Kaiser to Oakland workers: stay inside for work - and lunch

Kaiser Permanente, Oakland's largest private employer, has issued a memo directing workers in downtown Oakland to stay in their buildings for lunch and work, in response to street robberies of workers who went out to grab something to eat.

Workers are told to bring their own food or have it delivered.  

One Kaiser worker, Arielle Crenshaw, said she agrees with her employer.

"It’s just kind of scary in general, not even just to go to work, just kind of coming outside," she said outside a Kaiser parking garage. "If you can work at home, work at home. If you have to come in, just be safe about it."

A memo issued last month and obtained by KTVU also tells workers not based in Oakland to not have any meetings downtown and to instead move them elsewhere, or have them online. 

It also says the Claremont Hotel in the hills is the only hotel approved for business lodging. 

In a statement, Kaiser said in part, "Those recommendations remain in place for now. Kaiser Permanente is committed to ensuring the safety and security of our employees and physicians across all of our locations. We continually monitor our environments for concerns, review our practices and strengthen them wherever possible." 

Anytime, anywhere. Only with FOX LOCAL — download today and install using Roku, Amazon Fire, Apple TV, Google Android TV, and Vizio televisions. You can also stream KTVU on Samsung TV sets.

Many downtown merchants and other people who live and work in the area are taking issue with these directives. 

"It is a little upsetting to hear that you know, because everyone's trying to thrive, everyone's trying to make business. It is pretty slow as it is," said Mauricio Torres, who owns Molcajete Cocina Mexicana near 17th and Webster.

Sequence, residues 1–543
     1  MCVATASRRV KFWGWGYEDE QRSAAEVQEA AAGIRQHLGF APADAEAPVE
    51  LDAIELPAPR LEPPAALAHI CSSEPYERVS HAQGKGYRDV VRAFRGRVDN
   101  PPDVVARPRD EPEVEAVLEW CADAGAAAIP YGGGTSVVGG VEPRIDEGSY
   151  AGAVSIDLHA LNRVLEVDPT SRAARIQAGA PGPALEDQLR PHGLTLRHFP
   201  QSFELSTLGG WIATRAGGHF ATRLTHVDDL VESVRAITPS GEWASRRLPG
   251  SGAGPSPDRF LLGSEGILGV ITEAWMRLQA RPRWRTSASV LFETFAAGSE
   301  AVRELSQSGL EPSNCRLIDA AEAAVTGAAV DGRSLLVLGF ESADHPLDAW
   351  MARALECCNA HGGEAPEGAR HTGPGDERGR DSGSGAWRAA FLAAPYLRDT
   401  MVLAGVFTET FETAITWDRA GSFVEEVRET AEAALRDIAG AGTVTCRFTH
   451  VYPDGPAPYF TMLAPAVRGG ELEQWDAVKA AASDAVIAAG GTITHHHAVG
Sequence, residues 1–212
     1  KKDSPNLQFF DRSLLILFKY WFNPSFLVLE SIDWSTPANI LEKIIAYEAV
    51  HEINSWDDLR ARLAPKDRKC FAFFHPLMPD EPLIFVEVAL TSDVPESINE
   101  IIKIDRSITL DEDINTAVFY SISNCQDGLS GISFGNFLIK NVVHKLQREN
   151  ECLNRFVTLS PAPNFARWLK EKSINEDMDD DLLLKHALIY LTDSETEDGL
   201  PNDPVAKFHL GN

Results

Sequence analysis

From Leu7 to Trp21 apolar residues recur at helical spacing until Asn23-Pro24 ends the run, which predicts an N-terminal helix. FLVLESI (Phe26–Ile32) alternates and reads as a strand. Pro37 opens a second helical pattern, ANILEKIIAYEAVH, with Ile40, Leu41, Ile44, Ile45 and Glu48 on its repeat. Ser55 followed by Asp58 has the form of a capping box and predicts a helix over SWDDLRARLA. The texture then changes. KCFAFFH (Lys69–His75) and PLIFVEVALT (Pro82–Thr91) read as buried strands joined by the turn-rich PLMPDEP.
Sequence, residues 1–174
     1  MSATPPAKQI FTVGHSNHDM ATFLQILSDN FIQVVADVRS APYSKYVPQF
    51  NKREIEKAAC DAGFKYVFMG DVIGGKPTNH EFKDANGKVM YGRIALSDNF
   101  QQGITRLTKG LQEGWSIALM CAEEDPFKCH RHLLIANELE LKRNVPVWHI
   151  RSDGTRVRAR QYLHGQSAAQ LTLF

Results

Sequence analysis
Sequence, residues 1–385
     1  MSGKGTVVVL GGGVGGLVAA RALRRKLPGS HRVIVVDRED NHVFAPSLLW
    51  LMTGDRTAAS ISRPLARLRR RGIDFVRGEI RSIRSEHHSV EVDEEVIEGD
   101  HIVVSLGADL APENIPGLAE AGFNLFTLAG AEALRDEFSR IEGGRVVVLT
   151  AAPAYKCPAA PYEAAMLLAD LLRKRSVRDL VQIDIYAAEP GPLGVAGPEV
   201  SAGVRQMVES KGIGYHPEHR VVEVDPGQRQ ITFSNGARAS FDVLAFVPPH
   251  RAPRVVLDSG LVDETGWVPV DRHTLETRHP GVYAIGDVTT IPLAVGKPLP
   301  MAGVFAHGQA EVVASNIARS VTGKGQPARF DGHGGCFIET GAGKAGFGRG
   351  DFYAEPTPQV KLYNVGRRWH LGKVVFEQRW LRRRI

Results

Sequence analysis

Emil Wahbeh, owner of Aroma Cafe at 19th and Franklin, said, "I don't think you want to discourage people from walking around and kind of give in to the bad elements that are running around. I think quite the opposite: I think that if there are more people on the streets, there will be less incidences."

Elena Brewster, who works downtown said, "I think it's overkill.

She expressed sympathy for any Kaiser workers who may have been robbed. But she added, "Trauma is trauma, but to live under a rock because something bad might happen is traumatizing in its own way, as well."

Moe Gevirtz, who also works downtown, was aghast when told of Kaiser's memo, saying, "It would be a policy to destroy Oakland."

Gevirtz said, "To have a large corporation tell them to stay in the building and bring lunch from home - is atrocious!


After In-N-Out announces closure, Oakland mayor says more needs to be done to combat crime

Days after Oakland's only In-N-Out fast food restaurant announced it was closing because of all the break-ins and crime in the area, Mayor Sheng Thao acknowledged that despite putting more police officers along the Hegenberger Road corridor, more needs to be done. 

It’s not clear if these directives from Kaiser will be permanent or not. 

In a statement to KTVU, Mayor Sheng Thao's office said in part, "Oakland is making progress in addressing community safety in our business districts where many of Kaiser’s facilities are located. There are more police officers and safety ambassadors on the street than anytime in the past two years. At the end of last year, Oakland experienced significant reductions in property crime in business districts across the city. Oakland will remain vigilant and work collaboratively to ensure this downward trend continues and that more resources are brought to the table."

Henry Lee is a KTVU crime reporter. E-mail Henry at Henry.Lee@fox.com and follow him on Twitter @henrykleeKTVU and www.facebook.com/henrykleefan